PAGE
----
All of the major fluff-stories these days tell me that the majority of us have already chucked the resolutions, abandoned the gym and settled back into our ruts.
Adam has. I looked over at him last night as we chilled at a friends house, his head laid back onto the couch with a beer in his hand and a look of pure bliss in his eyes and I couldn’t fault him for it. The man knows what he likes.
As for me, I’m still kickin it with the cleanse. Rocking the hummus and bok choy like it’s going out of style (it was never in style) although coffee has snuck its way back in because hello Tassimo and also hello a certain thrill of self-indulgent joy each morning.
Monday is when I transition from the Dr Joshi cleanse into whole foods, which will be my eating method forever and ever amen. This means FRUIT is back! Smoothies. crisp apples. Bliss.
I’m noticing my monthly resolutions percolating in the back of my mind, fermenting, growing and relaxing somehow, in the absence of the frantic need to DO THEM.
In this environment I’m slowly preparing myself to take them on. I’m eyeing garden plans for May. I’m scoping out yoga classes for February. I made a counseling appointment because suddenly it didn’t seem so scary, knowing that March is coming up so gently.
I’m being easy with myself. And things are just coming. Slowly. Gently.
A phrase keeps reverberating around my mind, “Create space for growth”. This was one of the overarching themes for the year and I meant it in more of a metaphorical sense, spreading my life wide to allow for new adventures, people, experiences. But the rain and the gloom and the short winter days have found me reaching for it in a more literal sense and I am plagued by the constant vision of my footsteps softly echoing through an empty house. Just the essentials, stark and minimal like a monk. One bed. One sheet. A single plate washed after each use.
It’s impossible of course to have both, a life of less and a life full- full of friends and pleasure and laughter.
In order to have that in your life you need to host that in your home, have a place for those friends to sit, food for them to eat, something to rest their eyes on other than bare walls.
My mother tries to rationalize with me each time I talk about it. “What will people sit on? Where will they sleep?” but her words get lost inside of the reverie, this desire for SPACE.
That sweet expansiveness enveloping me.
Mostly when people feel this way they buy MORE. More square feet, more doorways, more floor. That’s not an option, nor do I want more rooms to fill. I am taking it on from within. Excavating from the inside out. Redefining necessity. Discovering space in the absence of stuff, rather than simply pushing it elsewhere.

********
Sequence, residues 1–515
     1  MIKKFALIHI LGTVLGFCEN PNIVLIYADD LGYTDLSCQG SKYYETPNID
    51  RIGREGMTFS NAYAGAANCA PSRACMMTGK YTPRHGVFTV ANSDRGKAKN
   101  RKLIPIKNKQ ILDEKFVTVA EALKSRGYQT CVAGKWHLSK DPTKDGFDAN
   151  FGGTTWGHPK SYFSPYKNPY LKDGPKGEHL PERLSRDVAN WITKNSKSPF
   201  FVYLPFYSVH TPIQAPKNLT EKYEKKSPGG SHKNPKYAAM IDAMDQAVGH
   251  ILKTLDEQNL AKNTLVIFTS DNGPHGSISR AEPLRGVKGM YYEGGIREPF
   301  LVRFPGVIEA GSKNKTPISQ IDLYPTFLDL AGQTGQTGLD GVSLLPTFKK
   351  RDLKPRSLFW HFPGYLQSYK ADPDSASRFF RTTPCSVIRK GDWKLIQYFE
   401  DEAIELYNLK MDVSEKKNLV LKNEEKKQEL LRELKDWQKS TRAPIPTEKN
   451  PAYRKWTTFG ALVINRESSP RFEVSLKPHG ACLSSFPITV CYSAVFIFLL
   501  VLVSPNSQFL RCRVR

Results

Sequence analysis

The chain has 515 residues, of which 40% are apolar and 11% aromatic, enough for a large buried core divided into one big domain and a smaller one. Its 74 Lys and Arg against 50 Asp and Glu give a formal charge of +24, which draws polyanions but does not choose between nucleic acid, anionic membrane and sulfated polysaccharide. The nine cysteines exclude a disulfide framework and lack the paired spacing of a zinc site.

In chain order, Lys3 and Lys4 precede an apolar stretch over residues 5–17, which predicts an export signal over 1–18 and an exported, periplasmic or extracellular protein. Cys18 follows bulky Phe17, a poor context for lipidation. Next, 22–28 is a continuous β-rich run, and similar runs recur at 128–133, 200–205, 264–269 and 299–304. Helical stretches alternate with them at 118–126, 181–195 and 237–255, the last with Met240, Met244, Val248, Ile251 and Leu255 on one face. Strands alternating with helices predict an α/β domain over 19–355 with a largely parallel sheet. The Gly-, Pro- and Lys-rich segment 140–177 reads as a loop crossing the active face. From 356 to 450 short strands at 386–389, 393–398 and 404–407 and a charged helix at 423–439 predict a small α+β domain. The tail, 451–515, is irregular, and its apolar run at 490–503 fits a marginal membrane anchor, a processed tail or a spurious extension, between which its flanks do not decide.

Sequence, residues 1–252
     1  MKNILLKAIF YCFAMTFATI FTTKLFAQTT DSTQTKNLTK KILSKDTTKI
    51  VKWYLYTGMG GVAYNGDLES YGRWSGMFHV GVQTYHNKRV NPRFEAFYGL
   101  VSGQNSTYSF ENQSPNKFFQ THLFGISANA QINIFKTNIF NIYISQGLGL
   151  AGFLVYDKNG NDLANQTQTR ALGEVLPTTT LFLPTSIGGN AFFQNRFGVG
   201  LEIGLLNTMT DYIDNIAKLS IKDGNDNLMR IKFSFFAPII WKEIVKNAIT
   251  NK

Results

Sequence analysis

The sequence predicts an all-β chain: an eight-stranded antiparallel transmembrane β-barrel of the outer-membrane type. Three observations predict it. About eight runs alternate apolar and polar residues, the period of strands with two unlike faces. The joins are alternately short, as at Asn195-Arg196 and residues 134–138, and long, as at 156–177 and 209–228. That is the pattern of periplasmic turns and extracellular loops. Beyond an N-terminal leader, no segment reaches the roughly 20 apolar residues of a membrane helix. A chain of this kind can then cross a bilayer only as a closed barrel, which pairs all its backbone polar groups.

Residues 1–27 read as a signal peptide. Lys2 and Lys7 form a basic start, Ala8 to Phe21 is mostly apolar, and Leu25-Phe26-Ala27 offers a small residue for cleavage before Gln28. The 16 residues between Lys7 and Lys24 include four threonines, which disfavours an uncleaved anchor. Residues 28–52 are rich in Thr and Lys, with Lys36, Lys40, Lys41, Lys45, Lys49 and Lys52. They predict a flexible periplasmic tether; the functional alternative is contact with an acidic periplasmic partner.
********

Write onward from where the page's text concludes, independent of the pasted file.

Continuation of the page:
I won’t go to the extreme, I can’t, it’s untenable. But the middle ground, a life with, not nothing but just…less.
I selected thirty books from my mammoth bookshelves, pages I’d turned, words I’d found wanting. They were donated. My closet has been purged. My dishes thinned. Our chairs sold. My arms spreading wider and wider as I look at these objects, these things I spent so much time taking care of.
But some are essential. Non negotiable. Not to mention Adam who I have no words to explain this need to.
So. A place for people to sit. Replacing our couch with something that needs less from me, takes up less visual space, something that fits snugly into my life, this life that wants to be white and pristine and spartan, but in reality holds tightly a messy man, a ebullient dirty dog, our particular sort of happy chaos.
Thus our couch:
And those I want to replace it with. If one comes to me. If one surfaces with the right proportions and legs and weight (not to mention price tag).
Mid century. The colour of browned butter. Soft.
I think some find this frivolous. This need to change and update and that horrible word, decorate.
I think its frivolous too, sometimes.
Bit it’s important, isn’t it? To make your life work? To come into a room and see love, life, a warmth that says the perfect amount.
When we toured this house before moving in it was dark and stagnant. We walked in to a dry, fusty smell. All of the shades were drawn. Everything was dark. Still. It felt deeply, deeply unhappy.
The day we moved in I threw open all of the windows to the frigid January air, tied back the heavy drapes. I lit sage and wafted its sweet smell through the rooms. Trying to move the stagnantion, trying to usher it out, usher it on.
It’s more than decorating. It’s a mind manifested in the arrangement of books. The heft of a chair, worn from use. I want a full, happy, easy home.
With space for growth.
I need that space.